Expanding the use of contract inspections in construction An approach to inter-project knowledge diffusion?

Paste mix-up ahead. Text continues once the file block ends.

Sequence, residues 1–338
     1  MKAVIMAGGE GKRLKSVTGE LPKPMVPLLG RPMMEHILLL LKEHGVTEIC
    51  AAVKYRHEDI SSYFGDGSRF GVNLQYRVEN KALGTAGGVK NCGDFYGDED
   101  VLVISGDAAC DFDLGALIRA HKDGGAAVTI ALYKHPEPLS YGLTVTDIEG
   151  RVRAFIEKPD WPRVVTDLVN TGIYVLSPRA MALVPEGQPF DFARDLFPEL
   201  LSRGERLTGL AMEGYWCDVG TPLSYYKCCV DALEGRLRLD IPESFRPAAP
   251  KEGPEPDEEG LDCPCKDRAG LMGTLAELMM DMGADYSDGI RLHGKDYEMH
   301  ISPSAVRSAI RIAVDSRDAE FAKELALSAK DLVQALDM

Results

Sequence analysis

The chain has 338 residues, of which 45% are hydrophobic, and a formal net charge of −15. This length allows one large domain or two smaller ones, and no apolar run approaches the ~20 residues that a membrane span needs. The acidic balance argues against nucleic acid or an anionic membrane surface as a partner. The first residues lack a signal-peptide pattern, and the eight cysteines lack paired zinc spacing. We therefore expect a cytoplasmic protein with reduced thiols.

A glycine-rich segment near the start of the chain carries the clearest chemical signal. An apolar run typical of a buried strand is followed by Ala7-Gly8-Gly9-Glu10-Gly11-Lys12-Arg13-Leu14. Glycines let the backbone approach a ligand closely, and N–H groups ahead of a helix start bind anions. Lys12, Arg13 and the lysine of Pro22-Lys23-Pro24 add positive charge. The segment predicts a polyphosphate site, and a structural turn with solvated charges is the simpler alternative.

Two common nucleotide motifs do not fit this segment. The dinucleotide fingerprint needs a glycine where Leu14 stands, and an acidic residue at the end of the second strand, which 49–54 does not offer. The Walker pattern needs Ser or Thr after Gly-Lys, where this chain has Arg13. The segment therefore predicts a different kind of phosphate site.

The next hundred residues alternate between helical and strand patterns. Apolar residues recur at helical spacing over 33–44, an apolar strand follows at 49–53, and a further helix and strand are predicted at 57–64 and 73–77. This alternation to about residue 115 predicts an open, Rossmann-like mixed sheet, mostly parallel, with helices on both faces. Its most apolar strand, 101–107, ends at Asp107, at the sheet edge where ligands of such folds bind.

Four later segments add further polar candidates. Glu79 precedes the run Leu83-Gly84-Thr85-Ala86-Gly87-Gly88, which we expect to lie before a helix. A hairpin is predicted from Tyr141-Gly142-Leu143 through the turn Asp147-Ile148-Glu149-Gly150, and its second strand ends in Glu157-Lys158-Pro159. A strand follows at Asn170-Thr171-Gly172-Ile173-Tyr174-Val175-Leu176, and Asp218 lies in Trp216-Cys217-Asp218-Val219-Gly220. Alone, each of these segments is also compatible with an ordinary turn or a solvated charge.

Abstract: This licentiate thesis presents a taxonomic approach to classification of defect information in construction projects. A conceptual model, based in a frame of reference consisting of the concepts of Continuous Improvement, Performance Measurement, Knowledge Management, as well as the current Quality Management regime of the industry helps to understand how the use of Contract Inspections can be developed towards facilitating inter-project knowledge diffusion and continuous improvement in construction. Three research questions were formulated: RQ I:How is information from inspection reports currently used? RQ II:How could information from inspection reports be utilised further? RQ III:How should information from inspection reports be structured and codified, to enable storage and future data analysis to facilitate continuous improvement? Qualitative as well as quantitative data has been collected in three different studies. In the first contractors were surveyed through a questionnaire about their use of different suggested experience feedback concepts, such as contract inspections. In the second other project participants than contractors was an interviewed, asking them how they use inspections and how the current usage could be extended. In the third study, a single case study about the inspection activities in one construction project, the purpose was to analyse the method and results of Pre- and Final Inspections. These results were interpreted through classification theory. It is further suggested how inspection data could be enhanced for the purpose of database storing, transforming, and easy access. The thesis concludes that both contractors and the other project roles currently use and view inspections as they are prompted in the General Conditions (AB 04), i.e. as an activity that document what defects there are for the contractor to rectify. Several companies have started to store inspection reports on project-dedicated servers, a routine that is thought to enhance the access to information to some extent. Several respondents have also introduced the compilation of defect statistics. Except automating the compiling of descriptive defect statistics, a system for managing inspection information, giving the widest access to the information about previously experienced defects, is expected to serve a Continuous Improvement process with input for identifying reoccurring problems in the production process. This system could as well be utilised for giving performance feedback to contractors and suppliers. Through continual surveying of the performance of current projects, the performance of the production process can be monitored. Based on the analysed reports, and the literature on taxonomy, the conclusions for RQ III identifies 15 different types of data tags, or types of information, that should be used as structure for the defects’ information: Unique Project Identifier, Unique Defect Identifier, Inspection Identifier, Responsibility, Defect Serial Number, Floor level, BSAB 96 Space Code, BSAB Objectcode, Defect type, Defect description, Rectification measure, Flag for Safety Issue, Cause, Date logging, and Photos. Future research should focus on the validation of the proposed model and system, suggested through case studies.
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